I never quite understood what grace was growing up. I’d heard of amazing grace and saying “grace” before eating, but the meaning had never been driven home. From what I’d known, God was floating gracefully around the sanctuary handing out blessings. Grace has only been defined to me as it related to cats and ballerinas.
Once I started seeing what grace was, I realized God loved me regardless of my human ability to comply. This made me free and gave me the desire to want to comply. As I grow deeper in God’s grace, I feel I am only scratching the surface.
I tend to wonder why grace was never driven home in any significant way to me. Was I just not paying attention? Did those teaching about grace not really understand what it is also? Were they afraid of it being abused?
I then saw how the apostle Paul presented grace (Galatians 2:21, Romans 6:1-2&11:6). I began to see what grace was–freedom from sin, not freedom to sin. This isn’t because we did something or have to do something to earn/fully substantiate it (other than just accept it), but it is by Jesus’ completed work at the cross. When we come into contact with that grace, we desire to do God’s planned works for us and even find joy in it. This is not to be confused with works that are driven by man’s prerogatives, even if they may seem reasonable on the surface. In addition, we gain the desire to want to be changed to his new creation.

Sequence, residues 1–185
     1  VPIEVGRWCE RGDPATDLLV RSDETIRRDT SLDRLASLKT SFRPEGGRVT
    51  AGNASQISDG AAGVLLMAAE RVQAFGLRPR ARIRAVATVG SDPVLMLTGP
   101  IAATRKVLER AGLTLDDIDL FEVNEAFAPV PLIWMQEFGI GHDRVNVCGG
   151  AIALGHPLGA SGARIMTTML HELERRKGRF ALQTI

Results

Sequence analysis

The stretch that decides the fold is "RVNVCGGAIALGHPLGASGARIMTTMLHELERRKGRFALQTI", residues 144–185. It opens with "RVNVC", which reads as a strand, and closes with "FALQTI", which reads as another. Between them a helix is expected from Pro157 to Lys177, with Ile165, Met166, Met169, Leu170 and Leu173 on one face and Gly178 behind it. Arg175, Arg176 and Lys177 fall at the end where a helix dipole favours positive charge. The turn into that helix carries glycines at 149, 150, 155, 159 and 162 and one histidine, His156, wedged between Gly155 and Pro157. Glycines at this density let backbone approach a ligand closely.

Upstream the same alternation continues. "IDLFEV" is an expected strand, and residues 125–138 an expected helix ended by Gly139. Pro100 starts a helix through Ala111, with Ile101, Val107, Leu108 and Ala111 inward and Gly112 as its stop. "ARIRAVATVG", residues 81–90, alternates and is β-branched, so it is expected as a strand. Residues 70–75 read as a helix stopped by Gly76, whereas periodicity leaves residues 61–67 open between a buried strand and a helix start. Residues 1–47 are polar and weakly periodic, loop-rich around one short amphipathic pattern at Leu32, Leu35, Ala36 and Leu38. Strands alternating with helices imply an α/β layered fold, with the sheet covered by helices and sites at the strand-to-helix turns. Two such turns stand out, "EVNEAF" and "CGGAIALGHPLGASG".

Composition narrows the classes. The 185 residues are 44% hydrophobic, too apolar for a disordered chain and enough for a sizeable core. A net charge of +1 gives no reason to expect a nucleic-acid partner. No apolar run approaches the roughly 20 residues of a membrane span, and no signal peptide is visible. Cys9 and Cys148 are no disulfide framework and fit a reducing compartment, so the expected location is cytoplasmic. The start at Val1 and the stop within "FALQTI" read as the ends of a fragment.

It would seem that I was presented a skewed standard. If I worked more within the congregation and was a good citizen, I earned grace. Likewise, this same grace covered our “grey area” sins. After all, things like gluttony, gossip, and condemnation were all covered by grace as long as we weren’t committing the “immoral” sins like adultery. Even murder was justified as long as we agreed with each other that the person was someone “bad” who deserved it. It would seem that these things are what actually abuse grace.
What we never seemed to realize then is that we are all bad and all deserving of death. That’s what makes grace what it is. It is exactly what we don’t deserve and cannot earn. I still see many act as though it is their entitlement because they act “better” than others. However, we have all sinned and we have all been offered grace for any and every sin (Romans 3:23&24).